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Bodies of thousands of endangered seals washed up along the Caspian Sea coast in southern Russia, sparking concerns among experts.

Thousands of dead seals were spotted on Sunday at Russia’s republic of Dagestan along the Caspian Sea, with officials confirming the count so far to be at 2,500, state-run news agency RIA Novosti reported citing authorities in the North Caucasus region.

The authorities were still counting more bodies on Sunday with numbers expected to rise further. Earlier, authorities reported finding some 700 dead seals.

The Dagestan region’s ministry of natural resources and environment wrote on Telegram that a large number of seals had been found between the mouths of two rivers, the Sulak and the Shurinka.

Both rivers connect to the Caspian Sea, the largest landlocked body of water in the world, which is bordered by five countries: Azerbaijan, Iran, Kazakhstan, Russia, and Turkmenistan.

Caspian seals have been classified as endangered on the International Union for Conservation of Nature (IUCN) red list since 2008.

Zaur Gapizov, head of the Caspian Environmental Protection Centre, said in a statement that the seals probably died about two weeks ago.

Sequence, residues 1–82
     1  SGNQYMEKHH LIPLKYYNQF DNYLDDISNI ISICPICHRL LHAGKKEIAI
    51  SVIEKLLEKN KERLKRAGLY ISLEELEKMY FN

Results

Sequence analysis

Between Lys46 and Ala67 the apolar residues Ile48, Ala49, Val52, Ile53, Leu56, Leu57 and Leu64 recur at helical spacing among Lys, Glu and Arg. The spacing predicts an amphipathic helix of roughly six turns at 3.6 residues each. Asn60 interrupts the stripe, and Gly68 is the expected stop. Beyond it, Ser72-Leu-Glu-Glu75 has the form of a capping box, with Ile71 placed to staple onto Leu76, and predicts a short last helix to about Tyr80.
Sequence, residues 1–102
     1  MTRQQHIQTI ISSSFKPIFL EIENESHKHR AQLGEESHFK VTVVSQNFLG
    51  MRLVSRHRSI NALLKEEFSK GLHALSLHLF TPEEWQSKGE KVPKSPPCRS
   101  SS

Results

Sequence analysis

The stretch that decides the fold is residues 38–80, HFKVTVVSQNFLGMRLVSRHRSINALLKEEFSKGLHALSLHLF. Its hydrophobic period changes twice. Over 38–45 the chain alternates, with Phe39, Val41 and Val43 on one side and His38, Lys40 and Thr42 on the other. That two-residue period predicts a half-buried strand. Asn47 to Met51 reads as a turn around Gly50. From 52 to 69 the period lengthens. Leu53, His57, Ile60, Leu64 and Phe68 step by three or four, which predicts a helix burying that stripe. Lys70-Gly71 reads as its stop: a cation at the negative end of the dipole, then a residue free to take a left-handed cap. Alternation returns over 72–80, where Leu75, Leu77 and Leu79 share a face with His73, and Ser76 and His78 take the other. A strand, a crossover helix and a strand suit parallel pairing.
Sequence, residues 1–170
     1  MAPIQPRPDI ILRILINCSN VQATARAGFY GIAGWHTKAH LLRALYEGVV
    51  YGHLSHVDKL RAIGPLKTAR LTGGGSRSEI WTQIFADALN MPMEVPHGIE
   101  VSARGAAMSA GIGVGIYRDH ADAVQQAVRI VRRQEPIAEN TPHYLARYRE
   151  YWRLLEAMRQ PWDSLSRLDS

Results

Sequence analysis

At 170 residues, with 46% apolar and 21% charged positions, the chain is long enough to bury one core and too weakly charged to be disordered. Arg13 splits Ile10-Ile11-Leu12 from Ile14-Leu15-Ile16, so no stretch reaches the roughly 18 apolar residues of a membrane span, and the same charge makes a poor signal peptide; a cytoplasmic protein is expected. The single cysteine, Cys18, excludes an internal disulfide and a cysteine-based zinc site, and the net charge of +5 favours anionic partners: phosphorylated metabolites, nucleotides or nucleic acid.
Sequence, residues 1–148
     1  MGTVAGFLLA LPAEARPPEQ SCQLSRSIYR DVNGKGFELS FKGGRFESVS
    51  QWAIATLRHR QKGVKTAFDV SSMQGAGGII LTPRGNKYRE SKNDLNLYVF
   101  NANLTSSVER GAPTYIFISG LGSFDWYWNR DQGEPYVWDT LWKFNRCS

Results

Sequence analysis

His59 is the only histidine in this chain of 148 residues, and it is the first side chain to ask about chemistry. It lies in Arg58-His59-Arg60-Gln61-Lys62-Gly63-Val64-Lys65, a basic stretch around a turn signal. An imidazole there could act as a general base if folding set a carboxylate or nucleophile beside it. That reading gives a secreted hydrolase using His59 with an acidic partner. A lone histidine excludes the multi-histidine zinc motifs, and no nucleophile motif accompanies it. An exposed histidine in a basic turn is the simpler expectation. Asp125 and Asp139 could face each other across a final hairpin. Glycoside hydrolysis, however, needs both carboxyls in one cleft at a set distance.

The ministry also said there is no sign that the animals died violent deaths and it appeared like “natural factors”. There is also no evidence to suggest the animals were killed or caught in fishing nets, he said.

However, an investigation has been launched into the causes with experts collecting samples from the seals. The ministry said reasons for the deaths will be established when lab results come back.

The seal population of the Caspian Sea has dwindled drastically over the decades from overhunting and industrial pollution.

Data about the number of seals in the Caspian has varied widely. But the Caspian Environmental Protection Center puts the number now at just 70,000, down from more than one million around a century ago.

Additional reporting by agencies

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